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Inflammatory Bowel Disease

Overview

Inflammatory bowel disease (IBD) represents a group of intestinal disorders that cause prolonged inflammation of the digestive tract.The digestive tract comprises the mouth, esophagus, stomach, small intestine, and large intestine. It’s responsible for breaking down food, extracting the nutrients, and removing any unusable material and waste products. Inflammation anywhere along the digestive tract disrupts this normal process. IBD can be very painful and disruptive, and in some cases, it may even be life-threatening.

Symptoms of Inflammatory Bowel Disease?

As with other chronic diseases, a person with IBD will generally go through periods in which the disease flares up and causes symptoms, followed by periods in which symptoms decrease or disappear and good health returns. Symptoms range from mild to severe and generally depend upon what part of the intestinal tract is involved. They include:

  • Abdominal cramps and pain
  • Diarrhea that may be bloody
  • Severe urgency to have a bowel movement
  • Fever
  • Weight loss
  • Loss of appetite
  • Iron deficiency anemia due to blood loss

Causes

There is no exact cause of IBD. IBD is called an idiopathic disease (disease with an unknown cause). Possible causes may be:

  • Family history
  • Genes linked to IBD

Complications of inflammatory bowel disease?

Possible complications of IBD include:

  • Malnutrition with resulting weight loss
  • Colon cancer
  • Fistulas, or ulcers that go through the bowel wall, creating a hole between different parts of the digestive tract
  • Intestinal rupture, or perforation
  • Bowel obstruction

In rare cases, a severe bout of IBD can make you go into shock. This can be life-threatening. Shock is usually caused by blood loss during a long, sudden episode of bloody diarrhea.

Diagnosis for Inflammatory Bowel Disease

The tests depend on the symptoms of IBD that include –

Complete Blood Count
  • If a patient has severe bleeding then hemoglobin level may drop and the count of the red blood cells decrease.
  • An inflammation in the body occurs when there is an increase in the count of white blood cells.
Stool Examination
  • The presence of blood traces in the stool can only be examined through a fecal occult blood test.
  • A stool is properly examined for eliminating the possibilities of parasitic, viral or bacterial causes of diarrhea.

Barium X-ray

  • Lower Gastrointestinal Tract : In this test, a barium is given in the form of an enema which retains in the colon and the x-rays can be taken. Through this, colon in patients having ulcerative colitis and Crohn’s disease and also abnormalities in the rectum can also be noticed.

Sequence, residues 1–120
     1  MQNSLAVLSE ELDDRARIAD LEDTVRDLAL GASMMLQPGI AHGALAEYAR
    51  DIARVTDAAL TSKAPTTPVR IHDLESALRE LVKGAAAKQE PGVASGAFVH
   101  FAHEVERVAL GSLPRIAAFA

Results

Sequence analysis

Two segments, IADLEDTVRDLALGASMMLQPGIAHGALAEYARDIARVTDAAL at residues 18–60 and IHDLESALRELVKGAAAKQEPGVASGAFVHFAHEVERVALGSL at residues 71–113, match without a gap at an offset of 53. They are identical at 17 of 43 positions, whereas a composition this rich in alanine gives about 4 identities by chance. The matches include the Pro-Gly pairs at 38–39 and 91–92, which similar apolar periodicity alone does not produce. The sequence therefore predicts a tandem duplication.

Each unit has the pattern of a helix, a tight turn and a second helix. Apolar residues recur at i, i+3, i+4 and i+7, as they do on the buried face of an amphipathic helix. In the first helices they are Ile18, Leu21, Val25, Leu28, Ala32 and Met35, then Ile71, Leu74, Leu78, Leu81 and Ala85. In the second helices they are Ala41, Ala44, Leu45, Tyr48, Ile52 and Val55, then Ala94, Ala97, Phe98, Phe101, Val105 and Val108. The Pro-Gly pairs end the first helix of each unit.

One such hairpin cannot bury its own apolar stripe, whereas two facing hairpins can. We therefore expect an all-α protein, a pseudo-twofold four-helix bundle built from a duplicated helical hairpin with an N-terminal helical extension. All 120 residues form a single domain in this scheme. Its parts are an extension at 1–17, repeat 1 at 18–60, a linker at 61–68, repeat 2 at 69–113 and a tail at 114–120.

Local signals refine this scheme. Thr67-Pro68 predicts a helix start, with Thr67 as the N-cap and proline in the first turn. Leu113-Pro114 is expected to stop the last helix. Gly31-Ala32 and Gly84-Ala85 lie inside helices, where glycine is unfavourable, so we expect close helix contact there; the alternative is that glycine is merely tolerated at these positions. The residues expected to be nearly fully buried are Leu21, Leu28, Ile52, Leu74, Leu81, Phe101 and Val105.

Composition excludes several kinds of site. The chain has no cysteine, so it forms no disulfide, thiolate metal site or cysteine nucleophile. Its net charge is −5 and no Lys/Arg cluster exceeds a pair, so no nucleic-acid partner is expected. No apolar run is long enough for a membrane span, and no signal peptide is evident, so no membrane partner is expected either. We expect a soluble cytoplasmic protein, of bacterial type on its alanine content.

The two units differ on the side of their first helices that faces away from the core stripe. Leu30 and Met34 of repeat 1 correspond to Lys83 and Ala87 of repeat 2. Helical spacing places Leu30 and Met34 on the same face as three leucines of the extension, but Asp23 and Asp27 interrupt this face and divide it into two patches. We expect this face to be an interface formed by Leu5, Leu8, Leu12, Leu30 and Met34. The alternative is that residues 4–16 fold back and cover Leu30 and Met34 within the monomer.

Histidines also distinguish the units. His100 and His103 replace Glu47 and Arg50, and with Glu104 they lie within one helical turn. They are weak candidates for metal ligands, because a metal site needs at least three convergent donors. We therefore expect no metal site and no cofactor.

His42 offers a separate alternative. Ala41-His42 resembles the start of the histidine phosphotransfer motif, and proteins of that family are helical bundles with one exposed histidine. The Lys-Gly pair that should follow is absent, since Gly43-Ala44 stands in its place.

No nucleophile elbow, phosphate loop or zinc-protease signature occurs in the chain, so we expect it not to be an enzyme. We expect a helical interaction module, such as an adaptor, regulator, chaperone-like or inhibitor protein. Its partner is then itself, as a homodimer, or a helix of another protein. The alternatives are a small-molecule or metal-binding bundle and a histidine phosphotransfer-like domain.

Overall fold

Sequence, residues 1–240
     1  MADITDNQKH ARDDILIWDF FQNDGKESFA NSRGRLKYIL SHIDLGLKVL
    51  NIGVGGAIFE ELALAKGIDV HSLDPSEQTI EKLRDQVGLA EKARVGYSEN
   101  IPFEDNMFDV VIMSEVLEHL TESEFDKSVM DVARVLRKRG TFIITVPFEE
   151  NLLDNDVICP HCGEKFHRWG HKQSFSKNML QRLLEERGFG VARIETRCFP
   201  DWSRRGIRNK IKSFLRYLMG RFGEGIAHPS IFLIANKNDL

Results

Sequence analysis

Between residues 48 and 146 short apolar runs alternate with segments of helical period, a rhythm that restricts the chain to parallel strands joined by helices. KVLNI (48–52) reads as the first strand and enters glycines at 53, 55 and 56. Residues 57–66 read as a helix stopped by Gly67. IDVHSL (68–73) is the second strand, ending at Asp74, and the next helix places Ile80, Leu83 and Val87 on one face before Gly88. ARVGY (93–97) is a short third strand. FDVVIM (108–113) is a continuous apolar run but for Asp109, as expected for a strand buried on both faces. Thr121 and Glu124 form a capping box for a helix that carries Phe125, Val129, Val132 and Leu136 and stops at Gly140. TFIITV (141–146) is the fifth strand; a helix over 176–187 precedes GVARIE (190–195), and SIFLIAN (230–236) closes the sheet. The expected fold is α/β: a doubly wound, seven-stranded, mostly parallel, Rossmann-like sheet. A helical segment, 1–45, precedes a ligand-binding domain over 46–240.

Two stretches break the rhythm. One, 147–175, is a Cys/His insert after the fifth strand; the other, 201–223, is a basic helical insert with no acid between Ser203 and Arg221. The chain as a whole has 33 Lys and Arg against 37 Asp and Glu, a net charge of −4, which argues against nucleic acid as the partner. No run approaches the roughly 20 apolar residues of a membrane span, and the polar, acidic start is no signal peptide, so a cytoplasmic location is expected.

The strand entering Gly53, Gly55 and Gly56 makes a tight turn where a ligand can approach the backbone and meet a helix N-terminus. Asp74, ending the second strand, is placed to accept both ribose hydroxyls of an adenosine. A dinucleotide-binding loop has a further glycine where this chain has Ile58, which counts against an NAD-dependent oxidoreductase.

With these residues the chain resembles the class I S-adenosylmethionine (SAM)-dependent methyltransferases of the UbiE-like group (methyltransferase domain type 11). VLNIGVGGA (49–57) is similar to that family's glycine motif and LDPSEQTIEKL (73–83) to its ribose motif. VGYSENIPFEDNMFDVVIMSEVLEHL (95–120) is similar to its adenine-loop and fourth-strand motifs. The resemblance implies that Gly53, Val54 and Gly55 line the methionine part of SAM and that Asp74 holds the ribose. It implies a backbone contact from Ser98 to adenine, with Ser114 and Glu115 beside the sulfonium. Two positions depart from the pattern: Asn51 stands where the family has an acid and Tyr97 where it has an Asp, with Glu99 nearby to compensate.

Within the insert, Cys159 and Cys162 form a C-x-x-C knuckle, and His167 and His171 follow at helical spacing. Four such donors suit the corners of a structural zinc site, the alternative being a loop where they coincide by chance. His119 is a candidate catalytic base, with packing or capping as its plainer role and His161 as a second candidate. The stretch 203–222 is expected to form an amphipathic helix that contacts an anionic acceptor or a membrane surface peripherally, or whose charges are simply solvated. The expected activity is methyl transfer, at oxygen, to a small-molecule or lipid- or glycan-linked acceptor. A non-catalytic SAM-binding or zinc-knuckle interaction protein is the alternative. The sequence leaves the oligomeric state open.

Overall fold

• Upper Gastrointestinal Tract : The test is used for finding abnormalities in the upper gastrointestinal tract. A patient is required to swallow a chalky white substance known as barium. This barium helps in coating the inside of the intestinal tract which can further documented on x-rays.
  • Sigmoidoscopy : The last one-third part of the large intestine can be visualized by using a sigmoidoscope. This one-third part includes the sigmoid colon and the rectum. The test helps in examining bleeding, ulcers and inflammation.
  • Upper Endoscopy : An endoscope is used if a patient has gastrointestinal symptoms such as vomiting and nausea. The duodenum, esophagus and stomach are examined using an endoscope.

How is inflammatory bowel disease treated?

There are a number of different treatments for IBD.

Anti-inflammatory drugs are the first step in IBD treatment. These drugs decrease inflammation of the digestive tract. However, they have many side effects. Anti-inflammatory drugs used for IBD include sulfasalazine and its byproducts as well as corticosteroids.

Immune suppressants (or immunomodulators) prevent the immune system from attacking the bowel and causing inflammation. This group includes drugs that block TNF. TNF is a chemical produced by the immune system that causes inflammation. Excess TNF in the blood is normally blocked, but in people with IBD, higher levels of TNF can lead to more inflammation. Immune suppressants can have many side effects, including rashes and infections.

Antibiotics are used to kill bacteria that may trigger or aggravate IBD symptoms. Antidiarrheal drugs and laxatives can also be used to treat IBD symptoms.

Lifestyle choices are important when you have IBD. Drinking plenty of fluids helps to compensate for those lost in your stool. Avoiding dairy products and stressful situations also improves symptoms. Exercising and quitting smoking can further improve your health.

Vitamin and mineral supplements can help with nutritional deficiencies. For example, iron supplements can treat anemia.

Surgery can sometimes be necessary for people with IBD. Some IBD surgeries include:

  • Strictureplasty to widen a narrowed bowel
  • Closure or removal of fistulas
  • Removal of affected portions of the intestines, for people with Crohn’s disease
  • Removal of the entire colon and rectum, for severe cases of ulcerative colitis